Abstract: Over the last decade, the music industry has adapted its promotional strategy to take advantage of the fluid, contemporary, platform-based transmedia landscape. For researchers of contemporary culture, the multiplicity of promotional activities creates substantial methodological challenges. In this article, we present and discuss such methodological approaches using two studies of contemporary promotional music campaigns as illustrative cases. Inspired by digital and innovative methods and guided by the Association of Internet Researchers’ (AoIR’s) ethical guidelines, we developed two data collection strategies—reversed engineering and live capturing—and applied two analytical approaches—visual mapping and time-based layering. The first case study traced already staged music marketing campaigns across multiple online media platforms, and the second followed an online promotional campaign in real time for six months. Based on these case studies, we first argue for the importance of grounded manual capturing and coding in data collection, especially when working around data access limitations imposed by platforms. Second, we propose reversed engineering and live capturing as methods of capturing fragmented data, in contemporary promotional campaigns. Third, we suggest the visual mapping and time-based layering of data, enabling researchers to oscillate between qualitative and quantitative data. Finally, we argue that researchers must pool their experiences and resources regarding how to transcend platform limitations and question a lack of transparency while respecting ethical norms and guidelines. With these arguments, we assert the researcher’s necessary role in understanding and explaining the complex and hybrid contemporary promotional landscape and provide tools and strategies for further research.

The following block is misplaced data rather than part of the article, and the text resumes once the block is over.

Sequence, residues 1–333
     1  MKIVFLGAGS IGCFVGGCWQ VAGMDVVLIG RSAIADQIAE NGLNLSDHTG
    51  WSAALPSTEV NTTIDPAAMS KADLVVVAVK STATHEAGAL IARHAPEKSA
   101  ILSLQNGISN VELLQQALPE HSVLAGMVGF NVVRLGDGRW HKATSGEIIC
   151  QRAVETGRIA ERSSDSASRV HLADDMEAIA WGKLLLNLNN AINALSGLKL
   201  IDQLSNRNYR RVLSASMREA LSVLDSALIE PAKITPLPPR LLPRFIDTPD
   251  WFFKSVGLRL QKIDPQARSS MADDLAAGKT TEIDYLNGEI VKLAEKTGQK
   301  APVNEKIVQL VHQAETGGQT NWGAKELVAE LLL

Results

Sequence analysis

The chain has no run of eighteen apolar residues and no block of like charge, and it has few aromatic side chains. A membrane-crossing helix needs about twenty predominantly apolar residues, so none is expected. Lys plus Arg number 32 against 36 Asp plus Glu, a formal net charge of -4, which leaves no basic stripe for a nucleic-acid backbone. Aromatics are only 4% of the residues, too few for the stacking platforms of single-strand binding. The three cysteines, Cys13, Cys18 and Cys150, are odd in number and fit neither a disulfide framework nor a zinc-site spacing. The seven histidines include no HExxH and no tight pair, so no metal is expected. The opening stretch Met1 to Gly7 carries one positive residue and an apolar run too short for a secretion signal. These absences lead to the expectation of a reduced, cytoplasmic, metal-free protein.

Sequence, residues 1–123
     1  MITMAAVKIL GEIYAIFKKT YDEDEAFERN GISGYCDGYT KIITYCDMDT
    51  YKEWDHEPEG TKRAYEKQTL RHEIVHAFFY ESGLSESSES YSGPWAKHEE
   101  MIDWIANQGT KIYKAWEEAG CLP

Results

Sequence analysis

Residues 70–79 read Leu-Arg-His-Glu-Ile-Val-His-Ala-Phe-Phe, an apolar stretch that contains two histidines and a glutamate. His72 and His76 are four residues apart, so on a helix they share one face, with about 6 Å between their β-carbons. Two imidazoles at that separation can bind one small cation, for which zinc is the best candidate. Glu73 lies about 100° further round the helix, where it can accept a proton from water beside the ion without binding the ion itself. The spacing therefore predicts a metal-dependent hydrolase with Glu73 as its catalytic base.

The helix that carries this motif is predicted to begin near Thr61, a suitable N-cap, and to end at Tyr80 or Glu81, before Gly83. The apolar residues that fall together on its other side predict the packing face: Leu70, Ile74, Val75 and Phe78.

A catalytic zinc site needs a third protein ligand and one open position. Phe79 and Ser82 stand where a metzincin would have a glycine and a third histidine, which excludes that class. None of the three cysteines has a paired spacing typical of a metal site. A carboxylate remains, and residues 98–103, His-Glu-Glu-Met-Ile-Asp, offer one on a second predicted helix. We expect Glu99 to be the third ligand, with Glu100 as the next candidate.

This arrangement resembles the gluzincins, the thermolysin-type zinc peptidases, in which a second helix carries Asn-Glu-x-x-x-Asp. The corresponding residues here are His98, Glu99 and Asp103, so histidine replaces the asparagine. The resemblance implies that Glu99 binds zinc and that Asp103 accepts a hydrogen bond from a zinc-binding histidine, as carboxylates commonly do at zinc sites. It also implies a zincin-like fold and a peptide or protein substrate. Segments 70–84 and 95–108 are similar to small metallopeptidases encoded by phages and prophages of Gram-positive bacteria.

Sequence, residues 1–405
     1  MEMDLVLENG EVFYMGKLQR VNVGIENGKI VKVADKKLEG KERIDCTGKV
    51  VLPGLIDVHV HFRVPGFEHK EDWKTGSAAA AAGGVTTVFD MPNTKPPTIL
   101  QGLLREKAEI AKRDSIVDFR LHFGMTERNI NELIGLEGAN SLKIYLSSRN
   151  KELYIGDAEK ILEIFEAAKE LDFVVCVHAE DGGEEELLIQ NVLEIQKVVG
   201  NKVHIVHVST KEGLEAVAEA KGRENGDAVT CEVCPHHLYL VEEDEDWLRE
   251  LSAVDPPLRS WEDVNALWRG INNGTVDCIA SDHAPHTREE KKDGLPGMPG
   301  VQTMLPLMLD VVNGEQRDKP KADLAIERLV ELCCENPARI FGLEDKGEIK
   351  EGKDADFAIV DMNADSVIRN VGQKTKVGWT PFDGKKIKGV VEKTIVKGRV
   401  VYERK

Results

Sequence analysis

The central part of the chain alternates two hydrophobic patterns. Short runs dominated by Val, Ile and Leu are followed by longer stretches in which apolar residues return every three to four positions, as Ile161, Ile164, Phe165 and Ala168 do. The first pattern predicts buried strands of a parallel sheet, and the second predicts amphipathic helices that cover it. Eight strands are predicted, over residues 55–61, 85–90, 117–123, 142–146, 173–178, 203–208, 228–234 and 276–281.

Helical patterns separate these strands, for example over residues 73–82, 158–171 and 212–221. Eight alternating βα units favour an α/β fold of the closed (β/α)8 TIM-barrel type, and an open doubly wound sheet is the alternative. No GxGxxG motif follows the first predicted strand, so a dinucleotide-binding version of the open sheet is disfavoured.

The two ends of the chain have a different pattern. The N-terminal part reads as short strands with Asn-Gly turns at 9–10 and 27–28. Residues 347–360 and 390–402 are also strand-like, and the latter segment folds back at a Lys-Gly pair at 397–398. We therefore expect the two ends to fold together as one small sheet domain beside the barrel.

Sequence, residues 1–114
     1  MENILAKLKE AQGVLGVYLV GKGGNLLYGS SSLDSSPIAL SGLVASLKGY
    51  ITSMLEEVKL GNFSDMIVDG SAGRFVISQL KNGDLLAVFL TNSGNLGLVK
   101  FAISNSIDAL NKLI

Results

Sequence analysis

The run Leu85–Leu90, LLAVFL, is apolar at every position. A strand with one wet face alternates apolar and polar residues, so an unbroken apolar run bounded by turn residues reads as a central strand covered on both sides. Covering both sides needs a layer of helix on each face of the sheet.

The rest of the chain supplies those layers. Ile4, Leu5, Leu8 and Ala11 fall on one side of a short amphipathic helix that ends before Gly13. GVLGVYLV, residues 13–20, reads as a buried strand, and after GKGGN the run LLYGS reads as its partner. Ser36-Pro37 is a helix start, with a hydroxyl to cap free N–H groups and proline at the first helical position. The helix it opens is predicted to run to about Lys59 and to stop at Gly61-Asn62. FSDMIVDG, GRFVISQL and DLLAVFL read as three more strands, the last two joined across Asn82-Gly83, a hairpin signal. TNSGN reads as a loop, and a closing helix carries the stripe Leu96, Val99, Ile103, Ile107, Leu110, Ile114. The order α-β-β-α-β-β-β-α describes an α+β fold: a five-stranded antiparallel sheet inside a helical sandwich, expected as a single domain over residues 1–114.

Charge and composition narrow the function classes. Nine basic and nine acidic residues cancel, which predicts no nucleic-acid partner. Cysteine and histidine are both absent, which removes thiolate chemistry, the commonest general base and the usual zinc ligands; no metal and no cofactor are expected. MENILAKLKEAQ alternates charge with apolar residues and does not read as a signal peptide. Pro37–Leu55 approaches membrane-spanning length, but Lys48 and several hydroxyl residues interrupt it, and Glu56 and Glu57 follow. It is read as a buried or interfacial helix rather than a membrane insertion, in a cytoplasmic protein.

Keywords: digital methods; engagement; ethics; innovative methods; music industry; promotional culture; transmedia marketing